“He said, 'I want to be a Muslim just like you,'" Mohammad Sohail, owner of the Shirley Express convenience store in New York’s Long Island city, told CNN on Wednesday, June 3.
Sohail, 47, was closing up his store just after midnight when -- as shown on the store's surveillance camera -- a man came in wielding a baseball bat and demanding money.
But when Sohail reached under the counter and pulled out his shotgun, the masked robber dropped the bat and collapsed in tears saying he only wanted to feed his starving family.
“'Don't call police, I have no money, I have no food in my house,'" he told Sohail.
"He's crying like a baby," recalls the Muslim shoper.
He offered the man $40 and a loaf of bread, but only after he promised never to rob anyone again.
"When he got the $40 he's very impressed.”
The stunned assailant then told Sohail he wanted to become a Muslim like him.
Sohail said he then pretended to swear the man into Islam and the two ended up shaking hands.
Sohail, who moved to the US from Pakistan 20 years ago, says he knows how it feels to have problems with money.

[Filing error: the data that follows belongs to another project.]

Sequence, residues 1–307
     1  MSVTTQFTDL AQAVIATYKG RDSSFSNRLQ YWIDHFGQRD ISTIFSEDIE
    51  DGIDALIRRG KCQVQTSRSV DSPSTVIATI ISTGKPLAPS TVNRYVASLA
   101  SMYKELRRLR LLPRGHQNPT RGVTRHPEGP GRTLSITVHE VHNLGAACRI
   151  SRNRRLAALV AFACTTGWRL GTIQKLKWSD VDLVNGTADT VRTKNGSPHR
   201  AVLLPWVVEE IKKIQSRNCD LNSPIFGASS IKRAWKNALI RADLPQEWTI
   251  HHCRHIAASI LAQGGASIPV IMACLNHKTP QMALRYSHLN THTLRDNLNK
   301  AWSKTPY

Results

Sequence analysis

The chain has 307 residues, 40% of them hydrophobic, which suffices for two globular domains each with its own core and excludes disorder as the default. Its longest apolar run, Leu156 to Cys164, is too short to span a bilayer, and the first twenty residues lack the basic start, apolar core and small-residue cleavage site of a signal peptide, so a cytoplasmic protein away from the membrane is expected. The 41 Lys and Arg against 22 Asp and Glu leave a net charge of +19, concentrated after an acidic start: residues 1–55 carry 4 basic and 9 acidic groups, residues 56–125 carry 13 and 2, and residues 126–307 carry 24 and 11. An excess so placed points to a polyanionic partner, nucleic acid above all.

He contends that his own financial woes prompted him to sympathize with the masked robber.
“It's too bad for everybody right now in this economy."
Sohail said the police might still be looking for the suspect but he doesn't intend to press charges.
"The guy, you know, everybody has a hard time right now.”
For those who know Sohail, his compassionate attitude towards the bat-wielding robber, carried on TV and newspapers across the nation, came as no surprise.
"Even when I didn't have money for a pack of smokes, he'd say 'Go ahead, go for it,'" Prudence Ferrante, who works next door in a carpet store, told the Newsday daily, which first obtained the surveillance video showing the incident.
"Some people have hearts, some people don't,” said Ferrante.
“But I know he does."
Sean Henry, another customer, sais Sohail is known as a respected man in the community and a smiling face.
"I don't see one bad bone in his body."